How to transition from a Nurse to a Paramedic
Are you working as a EN or an RN and thinking about how different your working life would be on-road as a paramedic, instead of being on the ward all day/night? What happens, however, when you want to change career paths? Do you have to start again from scratch?
If you want to make the change from a Nurse to a Paramedic, the Australian Paramedical College can help you transition into your new career.
Working as a nurse is an incredibly rewarding experience, as you would know. A job that brings with it a variety of technical skills and knowledge which can be applied across other areas of the health care sector.
If you want to make the change from a nurse to a paramedic, the Australian Paramedical College can help you transition into your new career.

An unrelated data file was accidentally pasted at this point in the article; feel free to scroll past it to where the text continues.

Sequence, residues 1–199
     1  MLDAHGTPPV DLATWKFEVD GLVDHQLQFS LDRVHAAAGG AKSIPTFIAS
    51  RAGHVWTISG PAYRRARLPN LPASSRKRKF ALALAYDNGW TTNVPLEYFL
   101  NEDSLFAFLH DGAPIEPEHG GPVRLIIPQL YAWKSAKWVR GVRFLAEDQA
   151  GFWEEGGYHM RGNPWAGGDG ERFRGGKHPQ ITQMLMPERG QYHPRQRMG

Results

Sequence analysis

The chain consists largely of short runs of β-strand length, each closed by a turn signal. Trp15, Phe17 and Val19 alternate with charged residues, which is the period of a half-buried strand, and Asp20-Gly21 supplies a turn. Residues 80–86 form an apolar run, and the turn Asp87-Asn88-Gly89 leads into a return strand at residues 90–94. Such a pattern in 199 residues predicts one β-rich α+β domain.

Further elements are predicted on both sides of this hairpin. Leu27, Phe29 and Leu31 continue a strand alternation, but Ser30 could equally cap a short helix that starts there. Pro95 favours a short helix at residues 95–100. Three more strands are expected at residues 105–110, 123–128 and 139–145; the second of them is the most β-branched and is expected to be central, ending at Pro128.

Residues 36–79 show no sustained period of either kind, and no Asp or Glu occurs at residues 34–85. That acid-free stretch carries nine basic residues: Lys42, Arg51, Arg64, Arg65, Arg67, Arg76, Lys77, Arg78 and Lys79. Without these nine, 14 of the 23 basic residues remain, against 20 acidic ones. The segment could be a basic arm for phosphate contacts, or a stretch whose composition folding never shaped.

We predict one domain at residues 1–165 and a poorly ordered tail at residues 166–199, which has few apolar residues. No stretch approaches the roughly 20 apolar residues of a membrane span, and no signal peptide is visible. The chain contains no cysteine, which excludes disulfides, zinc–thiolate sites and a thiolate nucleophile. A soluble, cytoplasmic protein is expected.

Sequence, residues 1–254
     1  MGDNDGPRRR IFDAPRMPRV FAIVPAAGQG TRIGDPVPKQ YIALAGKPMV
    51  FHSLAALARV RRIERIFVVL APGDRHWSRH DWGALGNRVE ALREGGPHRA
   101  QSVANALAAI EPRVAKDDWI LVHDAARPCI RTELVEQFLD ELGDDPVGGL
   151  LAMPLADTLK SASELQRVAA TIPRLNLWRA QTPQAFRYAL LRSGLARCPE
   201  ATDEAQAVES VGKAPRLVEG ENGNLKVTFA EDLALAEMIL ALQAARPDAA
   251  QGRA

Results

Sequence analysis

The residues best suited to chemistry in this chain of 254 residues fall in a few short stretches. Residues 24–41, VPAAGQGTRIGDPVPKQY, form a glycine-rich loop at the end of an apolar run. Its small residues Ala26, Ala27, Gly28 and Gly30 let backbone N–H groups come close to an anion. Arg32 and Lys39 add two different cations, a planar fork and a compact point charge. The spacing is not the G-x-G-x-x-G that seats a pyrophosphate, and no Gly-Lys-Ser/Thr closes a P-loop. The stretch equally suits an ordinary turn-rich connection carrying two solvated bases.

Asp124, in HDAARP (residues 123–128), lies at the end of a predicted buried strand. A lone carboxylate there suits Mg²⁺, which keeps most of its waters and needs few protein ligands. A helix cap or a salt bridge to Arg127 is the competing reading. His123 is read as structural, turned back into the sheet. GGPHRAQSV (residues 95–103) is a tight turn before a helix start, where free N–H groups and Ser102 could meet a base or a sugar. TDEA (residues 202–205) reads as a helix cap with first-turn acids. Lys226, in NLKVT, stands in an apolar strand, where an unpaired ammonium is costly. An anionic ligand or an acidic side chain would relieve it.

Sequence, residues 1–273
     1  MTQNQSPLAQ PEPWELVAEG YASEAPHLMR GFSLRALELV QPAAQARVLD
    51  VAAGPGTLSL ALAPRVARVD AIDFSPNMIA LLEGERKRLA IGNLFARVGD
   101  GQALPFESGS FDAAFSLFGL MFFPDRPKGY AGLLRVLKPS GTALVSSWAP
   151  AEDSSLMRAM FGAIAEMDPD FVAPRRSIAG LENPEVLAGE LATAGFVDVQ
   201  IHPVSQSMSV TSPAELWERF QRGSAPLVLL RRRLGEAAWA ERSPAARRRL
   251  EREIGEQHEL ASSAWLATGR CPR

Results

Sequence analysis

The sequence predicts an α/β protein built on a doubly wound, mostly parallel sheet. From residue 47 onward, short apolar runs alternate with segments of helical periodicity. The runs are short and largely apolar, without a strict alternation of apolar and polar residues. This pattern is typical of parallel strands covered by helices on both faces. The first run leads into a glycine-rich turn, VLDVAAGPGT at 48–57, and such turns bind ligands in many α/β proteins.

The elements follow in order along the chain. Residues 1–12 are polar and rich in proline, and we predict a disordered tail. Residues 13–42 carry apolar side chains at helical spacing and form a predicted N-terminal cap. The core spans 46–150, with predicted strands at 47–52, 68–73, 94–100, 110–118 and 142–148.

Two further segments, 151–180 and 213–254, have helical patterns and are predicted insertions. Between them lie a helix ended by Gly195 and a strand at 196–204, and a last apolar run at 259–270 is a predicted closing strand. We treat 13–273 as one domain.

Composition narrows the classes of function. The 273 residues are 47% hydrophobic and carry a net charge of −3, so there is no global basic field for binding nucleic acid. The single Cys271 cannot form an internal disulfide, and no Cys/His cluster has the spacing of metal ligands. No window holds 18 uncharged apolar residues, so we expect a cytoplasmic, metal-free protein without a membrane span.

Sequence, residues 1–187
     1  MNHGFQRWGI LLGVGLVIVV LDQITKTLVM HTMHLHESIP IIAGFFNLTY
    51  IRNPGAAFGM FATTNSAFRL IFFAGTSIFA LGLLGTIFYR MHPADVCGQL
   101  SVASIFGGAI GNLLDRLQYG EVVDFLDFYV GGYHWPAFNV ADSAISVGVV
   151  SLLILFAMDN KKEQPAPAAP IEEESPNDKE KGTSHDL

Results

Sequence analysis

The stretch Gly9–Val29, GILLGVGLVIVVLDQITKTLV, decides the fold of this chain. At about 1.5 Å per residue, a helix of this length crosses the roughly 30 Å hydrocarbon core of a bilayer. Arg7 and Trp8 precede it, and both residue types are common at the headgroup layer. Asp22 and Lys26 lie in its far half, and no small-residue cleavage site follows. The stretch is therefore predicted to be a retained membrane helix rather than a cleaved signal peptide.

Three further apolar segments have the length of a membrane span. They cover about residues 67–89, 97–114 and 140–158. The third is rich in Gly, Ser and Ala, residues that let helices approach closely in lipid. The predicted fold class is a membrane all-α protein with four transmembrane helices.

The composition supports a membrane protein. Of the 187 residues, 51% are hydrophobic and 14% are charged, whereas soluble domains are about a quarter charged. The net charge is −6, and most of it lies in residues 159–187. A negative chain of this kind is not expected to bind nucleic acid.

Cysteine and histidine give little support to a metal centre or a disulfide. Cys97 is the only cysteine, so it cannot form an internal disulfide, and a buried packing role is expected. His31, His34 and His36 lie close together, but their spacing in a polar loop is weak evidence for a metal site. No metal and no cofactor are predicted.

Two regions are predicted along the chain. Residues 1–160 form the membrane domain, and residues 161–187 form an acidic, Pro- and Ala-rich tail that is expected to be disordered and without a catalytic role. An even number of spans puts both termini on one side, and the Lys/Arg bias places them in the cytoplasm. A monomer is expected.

We can show you which options you have available, via the Diploma of Paramedical Science (superseded by HLT51020 – Diploma of Emergency Health Care), or by way of a degree/graduate diploma.
Note: APC is a VET sector training provider. A bachelor of Paramedic Science degree is required to become a registered Ambulance Paramedic.
There are a few options – so please read on.
First…make the most of your nursing skills, life experience and qualifications.
Throughout your studies and experiences as nurse, it goes without saying that you possess many great qualities that will contribute to having a successful career as a paramedic. For that reason, the HLT51020 – Diploma of Emergency Health Care via partial recognition of prior learning (RPL), could be the first step towards validating your experience.